Sifting solidified sand at Dwejra

February 9, 2011

Wednesday, 9th February 2011

Sifting solidified sand at Dwejra

Alfred E. Baldacchino

Following the Dwejra debacle, three reports were published: a legal report by Kevin Aquilina and Simone Borg; a technical report by Louis Cassar et al. and an administrative report by the auditor of the Malta Environment and Planning Authority, Joe Falzon.

The legal report aims at reviewing the process adopted by Mepa in issuing development permissions for film shooting applications in environmentally sensitive areas. Referring to the guidelines on the implementation of the Habitats Directive, this report highlights measures regarding activities in special areas of conservation (SACs), such as appropriate assessment, the precautionary principle and the related Aarhus Convention, which emphasises the importance of public consultations in relation to environmental decision-making. If  Mepa failed to include any reference to the Habitats Directive in the permit, how can the applicant be aware of such legal obligations? And how can one expect Mepa to follow the guidelines of the implementation of this EU directive with regardto such activity? The Film Commissioner interviewed by the authors commented that the permission issued is “…too generic as it covers various sites at one go.  Conditions need to be streamlined better per filming site”.

The Dwejra permit in question included all levels of protection under the Development Planning Act, completely ignoring any level of protection under the Environment Protection Act – no mention that Dwejra is a SAC, part of the EU Natura 2000 Network.  No reference to the important geological features of the site,  yet “the applicant was given development permission… to cover the site with ‘sand or shingle’”.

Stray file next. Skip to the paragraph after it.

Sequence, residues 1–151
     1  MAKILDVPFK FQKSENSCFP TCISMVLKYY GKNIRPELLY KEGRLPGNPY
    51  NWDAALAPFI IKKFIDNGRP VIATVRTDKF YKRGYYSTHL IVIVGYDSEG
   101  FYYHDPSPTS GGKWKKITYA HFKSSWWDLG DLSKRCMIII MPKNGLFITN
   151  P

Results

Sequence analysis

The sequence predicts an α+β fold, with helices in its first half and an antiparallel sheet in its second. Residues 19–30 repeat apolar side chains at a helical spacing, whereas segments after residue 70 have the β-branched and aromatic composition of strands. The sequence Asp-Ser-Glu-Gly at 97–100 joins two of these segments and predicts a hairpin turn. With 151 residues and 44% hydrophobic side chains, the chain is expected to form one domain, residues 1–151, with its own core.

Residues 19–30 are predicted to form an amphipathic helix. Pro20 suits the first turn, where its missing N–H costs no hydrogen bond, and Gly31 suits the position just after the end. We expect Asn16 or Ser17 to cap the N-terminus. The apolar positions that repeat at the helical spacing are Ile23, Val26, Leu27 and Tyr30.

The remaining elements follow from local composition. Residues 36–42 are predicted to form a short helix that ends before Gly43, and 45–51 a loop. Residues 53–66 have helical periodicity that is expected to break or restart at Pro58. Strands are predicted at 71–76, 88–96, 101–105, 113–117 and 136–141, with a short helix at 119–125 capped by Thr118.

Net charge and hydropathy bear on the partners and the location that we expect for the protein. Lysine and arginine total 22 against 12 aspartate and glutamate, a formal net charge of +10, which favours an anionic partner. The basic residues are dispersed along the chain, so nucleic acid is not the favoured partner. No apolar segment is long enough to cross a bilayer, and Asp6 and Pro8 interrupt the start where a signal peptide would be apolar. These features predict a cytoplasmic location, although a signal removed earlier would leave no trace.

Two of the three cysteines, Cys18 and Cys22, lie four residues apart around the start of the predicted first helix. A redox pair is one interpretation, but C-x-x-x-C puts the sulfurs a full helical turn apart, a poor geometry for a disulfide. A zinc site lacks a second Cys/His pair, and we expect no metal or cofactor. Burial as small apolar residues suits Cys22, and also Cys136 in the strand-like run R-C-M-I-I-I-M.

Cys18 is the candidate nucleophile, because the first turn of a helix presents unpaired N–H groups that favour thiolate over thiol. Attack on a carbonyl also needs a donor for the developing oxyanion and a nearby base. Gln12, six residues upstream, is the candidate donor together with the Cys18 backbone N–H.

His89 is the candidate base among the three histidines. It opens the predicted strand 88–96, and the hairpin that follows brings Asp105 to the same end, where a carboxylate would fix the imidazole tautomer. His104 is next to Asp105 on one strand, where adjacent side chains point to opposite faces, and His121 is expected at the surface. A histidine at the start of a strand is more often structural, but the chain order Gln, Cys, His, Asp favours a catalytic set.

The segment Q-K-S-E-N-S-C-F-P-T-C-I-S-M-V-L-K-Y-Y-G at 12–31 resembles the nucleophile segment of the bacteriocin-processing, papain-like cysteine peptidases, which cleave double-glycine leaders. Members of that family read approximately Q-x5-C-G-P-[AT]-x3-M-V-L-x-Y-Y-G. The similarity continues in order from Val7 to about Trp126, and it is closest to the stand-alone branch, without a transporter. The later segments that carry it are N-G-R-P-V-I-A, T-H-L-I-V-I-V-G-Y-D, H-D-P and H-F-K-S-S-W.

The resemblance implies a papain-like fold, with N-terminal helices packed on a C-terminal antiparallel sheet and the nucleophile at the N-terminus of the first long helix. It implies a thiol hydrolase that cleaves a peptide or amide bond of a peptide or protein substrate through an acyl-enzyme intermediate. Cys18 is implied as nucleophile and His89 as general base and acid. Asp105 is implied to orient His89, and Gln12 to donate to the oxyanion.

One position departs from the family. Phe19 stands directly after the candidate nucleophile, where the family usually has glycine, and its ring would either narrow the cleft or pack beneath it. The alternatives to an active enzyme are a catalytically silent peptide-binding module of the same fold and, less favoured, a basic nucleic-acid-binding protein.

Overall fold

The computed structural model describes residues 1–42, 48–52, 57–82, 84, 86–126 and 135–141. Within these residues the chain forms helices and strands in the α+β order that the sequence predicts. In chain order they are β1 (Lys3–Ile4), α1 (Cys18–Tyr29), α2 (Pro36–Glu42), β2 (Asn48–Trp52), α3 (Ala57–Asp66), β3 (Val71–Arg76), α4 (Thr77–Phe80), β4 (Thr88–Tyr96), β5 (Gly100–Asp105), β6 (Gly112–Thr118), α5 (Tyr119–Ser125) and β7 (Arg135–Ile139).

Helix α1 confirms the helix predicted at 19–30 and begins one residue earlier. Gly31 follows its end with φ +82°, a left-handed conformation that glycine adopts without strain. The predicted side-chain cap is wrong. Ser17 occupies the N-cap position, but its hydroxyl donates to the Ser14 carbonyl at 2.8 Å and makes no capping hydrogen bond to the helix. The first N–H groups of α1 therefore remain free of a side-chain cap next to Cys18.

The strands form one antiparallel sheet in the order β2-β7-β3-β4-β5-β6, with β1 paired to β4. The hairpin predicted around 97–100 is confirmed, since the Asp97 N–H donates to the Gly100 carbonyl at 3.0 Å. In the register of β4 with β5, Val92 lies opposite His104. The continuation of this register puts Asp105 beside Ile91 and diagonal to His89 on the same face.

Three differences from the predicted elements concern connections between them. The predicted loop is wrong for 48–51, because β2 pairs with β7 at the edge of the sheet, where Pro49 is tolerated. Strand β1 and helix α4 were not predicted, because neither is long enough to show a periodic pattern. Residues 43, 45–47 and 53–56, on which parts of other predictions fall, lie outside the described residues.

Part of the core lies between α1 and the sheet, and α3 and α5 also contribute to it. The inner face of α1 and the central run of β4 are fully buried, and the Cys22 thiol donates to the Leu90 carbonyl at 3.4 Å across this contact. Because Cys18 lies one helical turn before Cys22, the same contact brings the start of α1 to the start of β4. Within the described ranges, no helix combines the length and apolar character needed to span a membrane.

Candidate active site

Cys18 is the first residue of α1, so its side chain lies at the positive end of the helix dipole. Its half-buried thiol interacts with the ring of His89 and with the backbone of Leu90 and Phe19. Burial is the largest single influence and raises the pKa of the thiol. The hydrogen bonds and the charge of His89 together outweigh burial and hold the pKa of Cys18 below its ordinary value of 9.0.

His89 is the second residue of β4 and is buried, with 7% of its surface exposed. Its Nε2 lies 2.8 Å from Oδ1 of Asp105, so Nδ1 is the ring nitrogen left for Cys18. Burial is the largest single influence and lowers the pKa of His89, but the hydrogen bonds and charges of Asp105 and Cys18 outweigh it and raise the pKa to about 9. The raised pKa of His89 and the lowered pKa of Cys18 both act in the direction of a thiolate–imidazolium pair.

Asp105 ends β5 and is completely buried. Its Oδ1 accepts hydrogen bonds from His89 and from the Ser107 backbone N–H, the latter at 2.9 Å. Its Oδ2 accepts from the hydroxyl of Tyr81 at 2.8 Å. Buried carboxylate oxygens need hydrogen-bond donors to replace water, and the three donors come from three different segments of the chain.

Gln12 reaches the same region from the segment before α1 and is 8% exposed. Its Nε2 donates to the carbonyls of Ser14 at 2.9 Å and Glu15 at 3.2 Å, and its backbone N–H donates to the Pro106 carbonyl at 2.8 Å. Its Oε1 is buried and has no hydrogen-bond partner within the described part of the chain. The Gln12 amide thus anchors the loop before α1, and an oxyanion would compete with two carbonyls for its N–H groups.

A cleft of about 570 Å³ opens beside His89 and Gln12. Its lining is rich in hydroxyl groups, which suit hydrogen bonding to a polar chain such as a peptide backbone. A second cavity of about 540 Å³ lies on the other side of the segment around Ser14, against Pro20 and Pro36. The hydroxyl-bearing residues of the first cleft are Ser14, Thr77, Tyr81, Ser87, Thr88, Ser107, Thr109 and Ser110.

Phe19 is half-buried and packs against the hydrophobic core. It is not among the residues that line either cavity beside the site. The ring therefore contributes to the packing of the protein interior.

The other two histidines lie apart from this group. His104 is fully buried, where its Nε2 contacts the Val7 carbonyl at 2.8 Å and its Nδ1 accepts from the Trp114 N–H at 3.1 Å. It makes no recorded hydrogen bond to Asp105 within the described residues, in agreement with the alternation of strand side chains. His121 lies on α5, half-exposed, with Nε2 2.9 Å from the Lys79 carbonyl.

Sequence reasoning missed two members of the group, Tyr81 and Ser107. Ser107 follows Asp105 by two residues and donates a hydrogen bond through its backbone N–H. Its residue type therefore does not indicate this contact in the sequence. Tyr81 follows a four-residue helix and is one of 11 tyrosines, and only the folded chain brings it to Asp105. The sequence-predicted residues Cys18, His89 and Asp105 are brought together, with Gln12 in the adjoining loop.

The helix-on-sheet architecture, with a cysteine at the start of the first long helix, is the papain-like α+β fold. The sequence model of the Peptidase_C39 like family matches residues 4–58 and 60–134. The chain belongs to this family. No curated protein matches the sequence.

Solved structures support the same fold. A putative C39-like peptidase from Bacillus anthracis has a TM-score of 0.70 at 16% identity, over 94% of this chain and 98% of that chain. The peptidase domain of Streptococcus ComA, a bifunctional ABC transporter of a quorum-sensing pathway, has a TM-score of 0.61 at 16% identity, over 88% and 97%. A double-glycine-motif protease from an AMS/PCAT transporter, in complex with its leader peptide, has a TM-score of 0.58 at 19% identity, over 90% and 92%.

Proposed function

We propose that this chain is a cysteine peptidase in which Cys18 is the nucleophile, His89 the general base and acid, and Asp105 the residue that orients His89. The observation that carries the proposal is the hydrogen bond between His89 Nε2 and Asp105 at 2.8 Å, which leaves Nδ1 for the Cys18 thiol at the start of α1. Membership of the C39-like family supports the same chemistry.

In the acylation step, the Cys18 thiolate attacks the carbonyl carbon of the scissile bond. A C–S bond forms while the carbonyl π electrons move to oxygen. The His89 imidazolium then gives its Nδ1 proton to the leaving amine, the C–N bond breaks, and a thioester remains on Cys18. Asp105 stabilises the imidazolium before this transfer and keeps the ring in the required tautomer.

Rock pools 'cleaned' from 'sand or shingle'

A very interesting, not surprising, excerpt from this legal report is that “Both the Director of  Planning and the Director for Environment Protection thought that Mepa was exercising a dual role:  it had to safeguard the integrity of  Natura 2000 sites but, at the same time, it is called upon to give its consent or otherwise to activities taking place at these sites. They thought that Mepa should move out of the first function and that such function should be carried out by a management committee independent of Mepa so that it could regulate such committee from a distance without having such a dual role”. Isn’t this what private and political entities,  eNGOs and individuals have been stressing for such a long time, that environmental protection and development planning are not compatible? Mepa cannot tell its left foot from its right. Environmental obligations, on a national and international level are still out of Mepa’s grasp. Mepa is the competent authority for environmental matters.  Seems it wants to abdicate from such responsibility.